The Importance of Relational Self-Reflection in the Health and Safety Profession
Do you ever reflect on your work as a health and safety professional? Of course you do. But how? By focusing on yourself and your choices?
The self does not exist independently but only in relation to others and the outside world. Self-reflection should not be a quest to become more oneself, but to discover how to navigate the unfamiliar world. The modern individual idealizes autonomy and self-sufficiency but is in reality intertwined with others. For intellectual and emotional development, it’s important to be physically present and to share emotional experiences. We then feel we are part of something larger.
We both have the desire for autonomy and the need for social recognition. Sociologist Ruben Jacobs wrote an essay, based on anthropologist René Girard’s model of mimetic desire. Girard argued that human desire always occurs in a triangular relationship, where one person desires what another person has, creating rivalry and jealousy. According to Girard, humans are not capable of desiring themselves; they need a model, whether it be a parent, friend, enemy, or idol. Mimetic desire is deeply ingrained in human learning, as it’s facilitated by mirror neurons that simulate other people's actions and emotions in the brain. Girard calls this mimetic force the romantic lie, as it leads us to believe in the illusion of an autonomous self that makes individual choices and has free will. The truth is that humans are largely controlled by their well-developed and unconscious mimetic ability. The individual exists primarily in relation to others and not on its own.
In our work in health and safety, it’s important to reflect on what we do. We should develop ourselves into creative professionals who are able to reflect professionally on ourselves. When reflecting on our work, we should consider the social and relational context in which our decisions are made. Instead of simply focusing on our own choices or solely on the ones of others, we should reflect on the relationships and power dynamics at play, and how these factors may be influencing decision-making.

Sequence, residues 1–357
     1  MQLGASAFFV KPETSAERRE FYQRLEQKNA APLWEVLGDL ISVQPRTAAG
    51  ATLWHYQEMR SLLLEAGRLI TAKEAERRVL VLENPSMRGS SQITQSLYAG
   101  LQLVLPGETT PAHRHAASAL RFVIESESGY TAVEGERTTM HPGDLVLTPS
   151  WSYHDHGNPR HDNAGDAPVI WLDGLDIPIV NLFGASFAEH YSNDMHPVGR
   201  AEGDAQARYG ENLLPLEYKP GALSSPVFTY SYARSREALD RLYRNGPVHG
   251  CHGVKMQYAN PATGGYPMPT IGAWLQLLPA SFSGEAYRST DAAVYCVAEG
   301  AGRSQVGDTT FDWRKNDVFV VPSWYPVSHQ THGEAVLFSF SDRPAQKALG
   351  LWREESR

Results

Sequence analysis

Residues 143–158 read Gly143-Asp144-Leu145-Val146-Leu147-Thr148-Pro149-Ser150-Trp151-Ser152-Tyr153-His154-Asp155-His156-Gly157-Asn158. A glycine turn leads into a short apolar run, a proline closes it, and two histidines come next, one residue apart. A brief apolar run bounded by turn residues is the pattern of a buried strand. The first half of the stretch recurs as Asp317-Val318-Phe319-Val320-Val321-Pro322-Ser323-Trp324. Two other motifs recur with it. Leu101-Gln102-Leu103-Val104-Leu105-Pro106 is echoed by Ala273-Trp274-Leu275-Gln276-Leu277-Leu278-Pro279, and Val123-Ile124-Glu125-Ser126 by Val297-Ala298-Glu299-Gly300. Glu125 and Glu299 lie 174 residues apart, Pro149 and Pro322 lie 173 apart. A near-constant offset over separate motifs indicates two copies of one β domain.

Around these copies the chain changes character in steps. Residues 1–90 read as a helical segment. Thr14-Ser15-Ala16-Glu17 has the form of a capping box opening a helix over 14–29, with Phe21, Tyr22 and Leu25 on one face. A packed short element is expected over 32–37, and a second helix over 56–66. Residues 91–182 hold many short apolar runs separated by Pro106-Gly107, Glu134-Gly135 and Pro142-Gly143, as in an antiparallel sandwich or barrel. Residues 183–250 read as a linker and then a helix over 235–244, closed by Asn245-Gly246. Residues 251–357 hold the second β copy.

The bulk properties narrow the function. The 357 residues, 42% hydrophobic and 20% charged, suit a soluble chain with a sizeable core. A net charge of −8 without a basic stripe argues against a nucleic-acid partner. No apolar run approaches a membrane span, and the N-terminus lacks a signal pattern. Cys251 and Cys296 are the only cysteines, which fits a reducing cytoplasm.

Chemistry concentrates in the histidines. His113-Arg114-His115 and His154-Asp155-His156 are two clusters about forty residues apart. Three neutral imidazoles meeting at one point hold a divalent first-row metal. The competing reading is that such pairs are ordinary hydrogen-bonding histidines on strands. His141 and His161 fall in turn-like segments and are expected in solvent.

Health and safety professionals benefit from being physically present and sharing emotional experiences with others. This can help us to understand the emotions and motivations of the people we work with, and to build stronger relationships with colleagues and stakeholders.
The concept of mimetic desire highlights the influence that social norms and models have on our behavior. As health and safety professionals we should reflect on the impact that social norms and expectations may be having on our work, and how these norms can be both helpful and limiting.
If we find ourselves experiencing reflection fatigue, it may be because our current reflection practices are based on outdated Cartesian or Freudian models of the self. We then should consider adopting a more relational understanding of the self, and reflect on how our work is influenced by our relationships with others.
By reflecting on our work from a relational perspective, we can become more creative and innovative in our problem-solving. We can draw on the knowledge and perspectives of others - e.g. workers and engineers - and work collaboratively to develop effective solutions that take into account the complex social and relational context of our work.
Jacobs, R. (2016), Naar een relationeel zelfbeeld in het (hoger) onderwijs: ‘Het gaat altijd over ons’, in: Nivoz Platform hetkind.